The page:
Saturday, August 10, 2013
On the road for a week in the American west.  Back soon.
Foster Flat, Oregon
Q: How do you find locations?

A: Other people open up a computer and know how to navigate it. I know how to read land and know what is or is not on the other side of a hill I have never seen before. You ask locals and do a lot of driving, but instinct leads me around the corner and around the corner.
When they reached the summit of the mountains they camped on a meadow, and while there some Warm Springs Indians came to camp. One of the Indians could speak a little English. He told them that if some of them would go with him to a high ridge near by they could see down into the Deschutes and Crooked River valleys. He showed them some buttes that lay south of Prineville and said that they would find water there, but no water between there and the Deschutes. He also showed them what is now called Pilot butte, and told them if they would steer straight for that butte they would find a place in the bend of the river where a man could cross it, go down on the west side, through by way of the Metolius and Tygh valley and that they would eventually reach The Dalles.

Sites to See in Oregon's Outback

On the road for a few days, visiting some old friends, and making some photographs in a place I've never been.

(Jeff Wall, David Hockney, John Carpenter, Scott McFarland & now Kelly Reichardt.)
Friday, August 09, 2013

Round 2? Seriously? Are you new?  Anodyne is mine.  Its content is whatever I choose.  It differs from a magazine or newspaper in that those cultural forms are produced by paid creators who at least are theoretically interested in satisfying a known audience.  Anodyne, on the other hand, is produced by me, for free, in my spare time.  Sometimes it will be my writing, and sometimes other people's writing.  Sometimes my photographs and sometimes other people's pictures. Sometimes cat photographs and/or pornography and/or climbing trip write-ups and/or Steely Dan setlists.  All of these things are interesting; all of these things are equal.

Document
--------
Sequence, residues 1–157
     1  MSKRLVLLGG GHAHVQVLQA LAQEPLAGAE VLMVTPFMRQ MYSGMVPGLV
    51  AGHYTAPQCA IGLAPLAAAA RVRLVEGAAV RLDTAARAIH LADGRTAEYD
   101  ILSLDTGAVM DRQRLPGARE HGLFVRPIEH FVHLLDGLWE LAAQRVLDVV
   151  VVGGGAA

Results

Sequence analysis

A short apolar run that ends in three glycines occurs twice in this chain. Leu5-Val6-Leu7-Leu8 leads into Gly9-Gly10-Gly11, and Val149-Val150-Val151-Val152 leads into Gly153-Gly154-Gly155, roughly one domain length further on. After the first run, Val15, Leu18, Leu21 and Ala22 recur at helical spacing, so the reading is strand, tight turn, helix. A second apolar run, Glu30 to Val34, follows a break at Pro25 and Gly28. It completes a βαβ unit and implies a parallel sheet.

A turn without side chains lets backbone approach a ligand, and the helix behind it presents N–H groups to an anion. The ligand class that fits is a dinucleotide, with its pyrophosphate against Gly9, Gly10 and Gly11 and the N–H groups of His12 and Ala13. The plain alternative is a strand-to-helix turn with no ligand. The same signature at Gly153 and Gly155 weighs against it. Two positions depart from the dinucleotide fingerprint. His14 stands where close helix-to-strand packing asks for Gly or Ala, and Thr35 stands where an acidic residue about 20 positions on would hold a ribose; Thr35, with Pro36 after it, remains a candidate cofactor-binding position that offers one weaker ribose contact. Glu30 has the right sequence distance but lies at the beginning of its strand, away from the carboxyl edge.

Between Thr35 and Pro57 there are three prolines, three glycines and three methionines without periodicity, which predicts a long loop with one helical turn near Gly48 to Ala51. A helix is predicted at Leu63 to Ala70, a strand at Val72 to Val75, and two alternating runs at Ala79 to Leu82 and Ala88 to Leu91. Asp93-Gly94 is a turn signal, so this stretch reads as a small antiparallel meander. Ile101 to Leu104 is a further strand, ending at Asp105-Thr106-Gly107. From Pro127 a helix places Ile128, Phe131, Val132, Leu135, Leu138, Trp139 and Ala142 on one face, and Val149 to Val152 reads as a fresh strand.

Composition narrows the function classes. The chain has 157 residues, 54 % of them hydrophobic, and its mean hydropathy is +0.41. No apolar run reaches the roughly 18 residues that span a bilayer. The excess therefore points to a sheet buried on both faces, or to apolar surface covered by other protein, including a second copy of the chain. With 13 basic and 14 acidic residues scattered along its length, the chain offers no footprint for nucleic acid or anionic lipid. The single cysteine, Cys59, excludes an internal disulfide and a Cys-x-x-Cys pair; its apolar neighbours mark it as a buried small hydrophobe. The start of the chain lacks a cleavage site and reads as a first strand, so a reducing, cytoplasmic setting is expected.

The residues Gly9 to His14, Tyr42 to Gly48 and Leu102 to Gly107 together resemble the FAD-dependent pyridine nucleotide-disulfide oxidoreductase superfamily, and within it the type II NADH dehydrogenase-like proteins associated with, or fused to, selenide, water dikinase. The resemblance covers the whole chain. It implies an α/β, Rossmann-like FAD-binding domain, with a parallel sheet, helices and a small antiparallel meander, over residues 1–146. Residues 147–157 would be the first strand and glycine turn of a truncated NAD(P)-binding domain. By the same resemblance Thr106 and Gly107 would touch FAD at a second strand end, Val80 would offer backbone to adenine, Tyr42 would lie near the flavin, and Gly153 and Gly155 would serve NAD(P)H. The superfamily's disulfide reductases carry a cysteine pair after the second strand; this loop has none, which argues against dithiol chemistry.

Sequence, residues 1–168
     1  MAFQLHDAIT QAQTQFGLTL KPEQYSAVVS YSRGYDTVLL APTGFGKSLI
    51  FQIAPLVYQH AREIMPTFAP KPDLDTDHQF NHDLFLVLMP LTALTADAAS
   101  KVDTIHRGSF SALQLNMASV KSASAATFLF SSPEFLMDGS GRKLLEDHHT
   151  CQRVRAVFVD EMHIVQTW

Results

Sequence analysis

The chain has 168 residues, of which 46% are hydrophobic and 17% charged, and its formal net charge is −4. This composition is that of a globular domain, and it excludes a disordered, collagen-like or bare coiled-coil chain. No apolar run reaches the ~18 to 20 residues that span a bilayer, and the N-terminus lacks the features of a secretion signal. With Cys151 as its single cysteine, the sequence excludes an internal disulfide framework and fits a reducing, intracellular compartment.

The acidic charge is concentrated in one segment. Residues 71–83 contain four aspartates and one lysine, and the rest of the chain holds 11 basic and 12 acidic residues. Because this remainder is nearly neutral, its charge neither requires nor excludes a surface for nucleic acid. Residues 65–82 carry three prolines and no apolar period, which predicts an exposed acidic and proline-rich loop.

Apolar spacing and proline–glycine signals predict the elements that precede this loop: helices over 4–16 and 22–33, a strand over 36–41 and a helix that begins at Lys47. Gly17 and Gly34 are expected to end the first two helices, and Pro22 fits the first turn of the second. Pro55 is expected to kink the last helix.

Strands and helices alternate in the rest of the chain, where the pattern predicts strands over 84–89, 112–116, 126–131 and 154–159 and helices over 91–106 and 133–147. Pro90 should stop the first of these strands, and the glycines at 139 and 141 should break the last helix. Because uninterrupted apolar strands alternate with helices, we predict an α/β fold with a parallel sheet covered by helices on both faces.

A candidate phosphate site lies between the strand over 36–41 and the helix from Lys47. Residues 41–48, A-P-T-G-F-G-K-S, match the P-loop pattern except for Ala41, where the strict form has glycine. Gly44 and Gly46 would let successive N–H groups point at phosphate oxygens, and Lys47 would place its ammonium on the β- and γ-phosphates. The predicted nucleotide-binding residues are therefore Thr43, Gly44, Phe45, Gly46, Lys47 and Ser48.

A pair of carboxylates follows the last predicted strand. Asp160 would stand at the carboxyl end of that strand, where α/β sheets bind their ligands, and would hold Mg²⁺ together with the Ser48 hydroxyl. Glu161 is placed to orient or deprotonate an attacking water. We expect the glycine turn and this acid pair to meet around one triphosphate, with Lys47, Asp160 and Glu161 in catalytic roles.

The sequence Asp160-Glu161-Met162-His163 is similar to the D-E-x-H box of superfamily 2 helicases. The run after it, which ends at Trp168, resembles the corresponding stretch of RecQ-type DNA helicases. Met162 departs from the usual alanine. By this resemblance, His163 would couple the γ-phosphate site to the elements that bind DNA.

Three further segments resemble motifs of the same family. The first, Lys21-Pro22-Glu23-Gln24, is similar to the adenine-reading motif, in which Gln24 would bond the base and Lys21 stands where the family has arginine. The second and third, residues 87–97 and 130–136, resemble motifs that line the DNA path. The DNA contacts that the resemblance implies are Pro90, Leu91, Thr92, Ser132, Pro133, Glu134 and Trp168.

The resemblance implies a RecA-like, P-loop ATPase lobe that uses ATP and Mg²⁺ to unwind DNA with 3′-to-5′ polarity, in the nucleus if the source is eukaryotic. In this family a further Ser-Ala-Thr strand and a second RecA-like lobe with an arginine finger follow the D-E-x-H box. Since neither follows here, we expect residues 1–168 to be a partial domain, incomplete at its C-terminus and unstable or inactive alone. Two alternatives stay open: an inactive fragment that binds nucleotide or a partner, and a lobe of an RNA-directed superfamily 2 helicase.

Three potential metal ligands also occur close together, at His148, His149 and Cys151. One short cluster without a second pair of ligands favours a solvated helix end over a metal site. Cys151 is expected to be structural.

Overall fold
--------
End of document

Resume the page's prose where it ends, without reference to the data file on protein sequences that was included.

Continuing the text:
But, but, but! The customer-service stories are so funny!  I suppose.  Unless you have to do customer service sixty to eighty hours a week.  Then the last thing you might want to do in your spare time is reflect on the week's psychological outliers.  Because that's what these transactions really are.  It may be tempting to believe that everyone lacks rudimentary social skills or basic cultural knowledge, especially if you've never worked a retail job, but the truth is otherwise.  Customer-service horror stories don't unfold every day because, your expectations notwithstanding, most folks interact with retail with little or no trauma.  PFB sways creaking in the wind like Howl's Moving Castle, but it moves along steadily enough over the economy's rocky ground with significantly less drama than it used to, and hopefully more satisfaction on the part of staff, customers, and me, too.

But the stories--!

Don't like what's on offer?  FUCKING LEAVE.  Problem solved!

Typo, but, yeah. Don't like the band? Lots of other blogs out there to follow. I don't need your shade, nor your presumptuous multiple requests for customer-service horror stories.  Don't send me any more.  KTHXBAI!

Our Denver Correspondent Writes

"Wow - the evening at the storied Red Rocks was like no other. One tune in, heavy Rockies rain - blowing rain - hit hard and stayed for 2/3 of show. Us hearty and wet fans toughed it out. The blowing cold rain got the band too. I was told after the show by band members that all guitars got wet. DFs Rhodes had to be wiped down twice, sheet music blew all over, tarps put over amps and WB personally wiped down two of his guitars and you could hear the towel going over the strings. Despite it all, the band played a great show. I heard the Fez at sound check, too. Going to thaw out now!!"

(Photo courtesy SD's Keith Carlock)
Thursday, August 08, 2013

The Ecuadorian Library, or, The Blast Shack After Three Years
by Bruce Sterling